The day’s training included the use of a rescue strop, a device that I was first introduced to at the hoisting prop inside MDFR’s hangar. This device has a small padded collar that is placed around a victim’s chest under their arms.  Another strap runs between the victim’s legs and is attached at a collection point in front of the victim.  The victim and the rescuer are then attached to the hook and hoisted into the aircraft, where the victim is belted into the right gunwale and taken off the hook. Since I was going to play the victim in this training exercise, I got up close and personal with the strop.  (I am not a fan!)

 

After a practice round on the prop, things got real.  The Captain and I drove out to a gladed area at the far end of the airport.  I was pretty sure that an alligator was going to jump out of the bushes any minute!  The vegetation was thick, and just tall enough that you cannot see any of the surrounding buildings or landmarks.  Civilization simply disappeared, even though we were probably no more than a quarter-of-a-mile from the hanger.  I couldn’t believe how remote the location felt, and right then I understood how someone could easily get lost in Florida and need rescue.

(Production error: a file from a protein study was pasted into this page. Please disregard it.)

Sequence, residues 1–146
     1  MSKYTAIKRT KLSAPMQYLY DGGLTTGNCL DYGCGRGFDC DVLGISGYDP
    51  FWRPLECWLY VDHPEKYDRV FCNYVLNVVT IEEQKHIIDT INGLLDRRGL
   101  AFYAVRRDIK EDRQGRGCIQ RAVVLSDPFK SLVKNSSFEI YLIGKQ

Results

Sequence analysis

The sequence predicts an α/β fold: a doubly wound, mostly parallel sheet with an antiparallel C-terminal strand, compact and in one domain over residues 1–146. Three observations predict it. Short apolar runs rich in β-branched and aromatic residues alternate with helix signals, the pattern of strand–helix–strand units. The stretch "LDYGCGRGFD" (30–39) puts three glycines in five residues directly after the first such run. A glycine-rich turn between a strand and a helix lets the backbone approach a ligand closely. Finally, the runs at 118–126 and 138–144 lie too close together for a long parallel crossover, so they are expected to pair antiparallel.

As Air Rescue South came in and settled into the pocket, I got a glimpse into what it feels like for the people we rescue.  One of MDFR’s Air Rescue Medics was lowered down to me on the thin steel cable. Soon the strop was biting into my rib cage as virtual strangers with unfamiliar equipment began lifting me into the air beneath the green and white helicopter.  It’s loud and the rotor-wash is intense. Even though the strop feels like it may crush your rib cage, it does not feel like it is going to hold your weight. And, the whole operation is completely out of my control. Not that I thought I was in any danger. After all, it was easy to recognize the professionalism of these crews.  But, just for a moment, I had a glimpse of the kind of trust that the public has to put in us when we come to their rescue.

 

MDFRTrainingHoist

A flight medic descends

 

After training was a quick lunch.  And shortly after lunch my adventure with MDFR ended with the transport of a 2-year-old child who had fallen from a second story window.  Air Rescue South was dispatched to a makeshift landing zone in a park near the scene, and then transported the patient to Miami Children’s Hospital where a trauma team could care for him.

 

When we returned to base, I said goodbye to my new friends. Throughout the day I had noted many more similarities between our two departments than differences.  Most importantly, the level of professionalism and attention to detail is equal on either coast. The members of Air Rescue South went on with their shift, and I went on with my vacation. Happily, the beach was still there when I got back!  And, I am truly grateful to the members of MDFR for their open-hearted hospitality and excellent training.

 

unnamedJennifer DeShon currently serves as a Firefighter/Paramedic with San 
Bernardino County Fire. She has been in the fire service for 21 years. 
She is trained as an Urban Search and Rescue Technician and an Air Rescue 
Medic, and holds an AS degree in Paramedicine. She lives in Lake 
Arrowhead, California.